I thought once I got it out of the house, once it wasn't "home" I would be able to disassociate myself from it. It was no longer mine. A happy, jubilant bride to be was waiting for her dress, and I was on a mission to get it to her. I had to force myself to think of it as her dress. I focused on the image of my PayPal balance after she paid for the dress. I hoped that would make me think of this as merely a financial transaction.

It didn't. I cried all the way to the UPS store. I cried in the UPS store. The guy working in the UPS store probably wished he hadn't offered to work that day to earn a little extra money for his kid's birthday presents. He helped me carefully pack it in a box seemingly custom made for it. I paid the fee and ran out of the store.

I sat in the car sobbing for a really long time. A really, really long time.

Oh yes, that dress is symbolic, all right. Symbolic of my failure. And because of that, I know ultimately it's good that it's finally gone. I know common sense and practical psychology point to the logic and health in doing what I did.

But.

It was rough.

A lot of people will say, "It's just a dress!"

And that's exactly the frame of mind I am trying to get.

I didn't notice the local cop in the parking lot, stopping for lunch at Subway. Holding his half glass of soda in one hand, he rapped on the fogged up window, "Everything okay ma'am?"

"Yes" snork, "yes, I'm fine."

He lingered for a few seconds than got in his patrol car. And slowly pulled away, watching me the whole time. (It's a really, really swutting small town and I think he is the brother of the girl who was second chair clarinet and vice president of French club. What was her name...Andrea? Angela? Angie? Amy? Andy. Andrea. Andy. That's it. Andy. I wonder if Andy's married. I wonder if she's spent her life being second and vice-everything.

When I finally returned to my parents' house my parents were home. No one said anything. We just sat in the kitchen silently, pretending to drink tea. It felt like when you return home after a funeral. My mother in her wheelchair, my father working his Commit lozenge over and over which would normally annoy the crap out of me.

He finally feebly broke the silence, "Why don't you take a vacation with some of the money?"

"Naw. I don't have much time off and I'm really busy at work anyway. Thanks, though."
My mother smoothed a napkin over and over with her good hand. Her eyes were brimming with tears.

I have never hated anyone more than I hated HWNMNBS at that moment.

A few days later, back at work, I got an email from the bride-to-be who will be wearing a lovely dress at her wedding.

"I knew it was a nice dress, but I never imagined the fabric could be that great. (sumptuous is the word you're searching for, sweetie) And the beads are really nice. (They're pearls and Czech glass, you know, like I wrote in the description?) It fits like it's custom made for me! We must be exactly the same size and height except I'm going to have to take in the top a little, I'm not as lucky as you up there! (Yeah, lucky me.) And the shoes, what a surprise! Thank you! They're amazing! I've never had any shoes that nice! I never thought heels that tall could be so comfortable! Thank you!"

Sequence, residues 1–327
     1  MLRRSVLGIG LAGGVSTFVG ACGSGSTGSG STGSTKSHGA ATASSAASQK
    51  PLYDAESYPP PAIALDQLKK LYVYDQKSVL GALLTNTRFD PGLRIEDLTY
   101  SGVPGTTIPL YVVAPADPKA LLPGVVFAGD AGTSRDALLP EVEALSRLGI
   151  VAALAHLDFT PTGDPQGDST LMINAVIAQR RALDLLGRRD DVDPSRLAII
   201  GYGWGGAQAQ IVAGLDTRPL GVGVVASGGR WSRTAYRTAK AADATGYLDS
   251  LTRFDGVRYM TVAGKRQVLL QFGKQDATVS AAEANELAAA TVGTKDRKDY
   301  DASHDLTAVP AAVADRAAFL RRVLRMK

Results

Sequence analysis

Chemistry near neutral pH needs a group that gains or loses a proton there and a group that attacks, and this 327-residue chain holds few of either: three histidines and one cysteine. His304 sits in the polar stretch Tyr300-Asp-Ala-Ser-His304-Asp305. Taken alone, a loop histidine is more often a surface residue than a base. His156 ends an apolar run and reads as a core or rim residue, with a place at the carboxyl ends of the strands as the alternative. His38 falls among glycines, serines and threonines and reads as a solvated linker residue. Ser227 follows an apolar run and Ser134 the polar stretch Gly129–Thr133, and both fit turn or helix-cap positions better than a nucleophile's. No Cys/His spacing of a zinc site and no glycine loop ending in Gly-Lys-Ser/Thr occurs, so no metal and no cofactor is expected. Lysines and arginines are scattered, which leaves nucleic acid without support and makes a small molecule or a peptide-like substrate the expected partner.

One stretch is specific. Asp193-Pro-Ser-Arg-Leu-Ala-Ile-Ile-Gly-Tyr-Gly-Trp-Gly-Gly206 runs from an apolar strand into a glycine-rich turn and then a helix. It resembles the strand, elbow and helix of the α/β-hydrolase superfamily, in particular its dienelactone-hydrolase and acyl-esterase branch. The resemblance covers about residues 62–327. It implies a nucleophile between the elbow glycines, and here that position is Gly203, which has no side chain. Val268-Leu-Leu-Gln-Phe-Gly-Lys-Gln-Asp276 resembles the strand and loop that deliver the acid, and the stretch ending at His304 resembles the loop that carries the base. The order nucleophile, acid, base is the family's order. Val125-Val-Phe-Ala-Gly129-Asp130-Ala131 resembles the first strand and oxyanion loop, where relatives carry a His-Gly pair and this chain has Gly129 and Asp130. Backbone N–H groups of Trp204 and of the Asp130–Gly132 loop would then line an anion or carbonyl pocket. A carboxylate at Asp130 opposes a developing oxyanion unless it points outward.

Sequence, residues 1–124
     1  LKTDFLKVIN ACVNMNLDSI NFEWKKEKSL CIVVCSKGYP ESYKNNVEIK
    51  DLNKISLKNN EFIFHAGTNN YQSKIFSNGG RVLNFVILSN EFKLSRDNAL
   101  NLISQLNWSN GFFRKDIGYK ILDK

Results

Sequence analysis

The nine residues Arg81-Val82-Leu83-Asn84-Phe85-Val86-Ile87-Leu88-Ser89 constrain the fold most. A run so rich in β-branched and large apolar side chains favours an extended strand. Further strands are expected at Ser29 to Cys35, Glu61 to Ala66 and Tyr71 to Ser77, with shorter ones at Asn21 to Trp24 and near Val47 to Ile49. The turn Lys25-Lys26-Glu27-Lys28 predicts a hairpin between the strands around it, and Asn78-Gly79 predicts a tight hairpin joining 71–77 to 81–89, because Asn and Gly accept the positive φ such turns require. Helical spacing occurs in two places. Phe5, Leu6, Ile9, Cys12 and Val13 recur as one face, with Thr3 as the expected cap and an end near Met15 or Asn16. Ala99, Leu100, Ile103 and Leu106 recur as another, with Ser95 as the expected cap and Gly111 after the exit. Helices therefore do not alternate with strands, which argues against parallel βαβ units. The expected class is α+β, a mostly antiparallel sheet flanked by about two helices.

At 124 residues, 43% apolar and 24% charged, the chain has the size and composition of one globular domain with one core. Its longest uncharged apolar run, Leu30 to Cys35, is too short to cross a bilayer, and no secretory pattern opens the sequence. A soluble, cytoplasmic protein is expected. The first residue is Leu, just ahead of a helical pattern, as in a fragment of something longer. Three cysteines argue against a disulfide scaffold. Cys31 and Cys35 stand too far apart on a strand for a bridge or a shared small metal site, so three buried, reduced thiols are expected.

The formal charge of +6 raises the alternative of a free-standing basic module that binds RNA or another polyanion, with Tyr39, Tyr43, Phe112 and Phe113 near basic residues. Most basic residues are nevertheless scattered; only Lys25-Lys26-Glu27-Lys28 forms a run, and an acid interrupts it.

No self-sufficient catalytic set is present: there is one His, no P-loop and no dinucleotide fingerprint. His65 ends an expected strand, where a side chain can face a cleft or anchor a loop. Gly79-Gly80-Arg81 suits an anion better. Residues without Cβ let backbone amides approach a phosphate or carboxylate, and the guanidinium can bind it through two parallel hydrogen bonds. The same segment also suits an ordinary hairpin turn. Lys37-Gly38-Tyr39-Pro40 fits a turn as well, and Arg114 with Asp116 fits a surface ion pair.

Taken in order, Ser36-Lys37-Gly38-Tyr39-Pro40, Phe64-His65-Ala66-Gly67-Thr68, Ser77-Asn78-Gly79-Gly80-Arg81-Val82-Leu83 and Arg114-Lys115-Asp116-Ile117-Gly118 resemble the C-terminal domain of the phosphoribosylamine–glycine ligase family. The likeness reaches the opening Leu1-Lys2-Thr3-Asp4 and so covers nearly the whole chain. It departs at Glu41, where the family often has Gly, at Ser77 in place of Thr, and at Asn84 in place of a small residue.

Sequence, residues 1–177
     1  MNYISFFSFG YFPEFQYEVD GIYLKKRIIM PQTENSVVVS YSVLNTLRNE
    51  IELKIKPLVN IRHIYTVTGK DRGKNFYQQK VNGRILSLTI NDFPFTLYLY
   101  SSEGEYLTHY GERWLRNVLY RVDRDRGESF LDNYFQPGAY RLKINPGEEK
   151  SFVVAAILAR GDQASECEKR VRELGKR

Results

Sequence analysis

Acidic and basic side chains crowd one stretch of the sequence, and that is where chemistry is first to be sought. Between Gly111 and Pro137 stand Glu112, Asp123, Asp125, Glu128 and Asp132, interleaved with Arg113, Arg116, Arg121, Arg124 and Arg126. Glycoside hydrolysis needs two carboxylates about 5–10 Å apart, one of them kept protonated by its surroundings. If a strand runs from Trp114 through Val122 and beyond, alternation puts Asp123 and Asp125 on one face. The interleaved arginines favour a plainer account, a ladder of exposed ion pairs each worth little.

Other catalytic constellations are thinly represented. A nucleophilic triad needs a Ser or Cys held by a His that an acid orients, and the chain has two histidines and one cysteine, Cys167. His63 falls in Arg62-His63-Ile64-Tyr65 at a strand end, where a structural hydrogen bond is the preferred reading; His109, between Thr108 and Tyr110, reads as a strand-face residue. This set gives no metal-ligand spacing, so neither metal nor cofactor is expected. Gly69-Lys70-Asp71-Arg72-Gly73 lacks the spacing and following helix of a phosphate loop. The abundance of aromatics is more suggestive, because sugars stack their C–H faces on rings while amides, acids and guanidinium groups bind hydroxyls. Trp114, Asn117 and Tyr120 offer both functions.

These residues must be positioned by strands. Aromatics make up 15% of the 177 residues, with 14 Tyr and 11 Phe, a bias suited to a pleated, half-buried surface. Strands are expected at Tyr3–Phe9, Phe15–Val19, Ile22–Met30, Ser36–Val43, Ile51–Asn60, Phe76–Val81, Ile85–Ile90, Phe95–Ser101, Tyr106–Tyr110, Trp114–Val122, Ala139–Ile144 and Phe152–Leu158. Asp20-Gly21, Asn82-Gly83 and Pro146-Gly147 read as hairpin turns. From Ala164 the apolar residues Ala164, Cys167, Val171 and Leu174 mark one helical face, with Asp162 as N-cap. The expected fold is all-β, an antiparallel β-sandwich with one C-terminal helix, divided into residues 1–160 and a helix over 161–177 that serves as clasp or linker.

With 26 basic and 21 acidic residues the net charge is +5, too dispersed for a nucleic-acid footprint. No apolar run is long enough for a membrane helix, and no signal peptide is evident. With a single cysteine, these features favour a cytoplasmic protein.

"Do you want to see photos of the wedding?" she innocently asked in her naive pre wedded euphoric the world is one big fluffy cloud mental state.

I know she was just being nice and thoughtful. In her own, deluded, naive, romance haze induced way.

Why would anyone want to see what was to be their dress for their happiest day on someone else on their happiest day instead?

Wanted to say:
"Sure. I didn't get to have a wedding or, you know, wedding photos, so please, send me yours. Show me how spectacular you, a complete stranger, look in my dress. Show me how everyone was teary eyed at the vision of you, a complete stranger, in my dress. I'll put it on my fridge. Or maybe pin it to my closet door. It will make the whole thing final and I can just get on with my miserable, lonely life, never worn wedding-dress free."

Instead said,
"No thanks, I'm sure you'll be a lovely bride. I hope you love the dress and you have a long and happy marriage."



*The humiliating side of wedding dress shopping: Nothing is sacred. Nothing. Those dressing rooms are a cross between the Spanish Inquisition, an architect's engineering room and Fear Factor. The women who work in those places can size you up to the last Tic Tac the second you walk through the door, but will whip out the tape measure for the sake of decorum, to make it seem like they don't know your exact measurements or that you'll need the next size up. And they will proclaim loudly in mock surprise, to the entire shop, "You're going to need a two and a half extra inches in the bust" as they wrap their tape of doom around your waist, your hips and your boobs. (and they all have icy cold hands) While leaving one dressing room, I heard two women discussing my boobs. "No, Marge, they're real, I saw them..." the woman who measured me and compromised my modesty with her tape measure and "assistance" in trying on the gowns said to another shop worker. Yeah. Good times.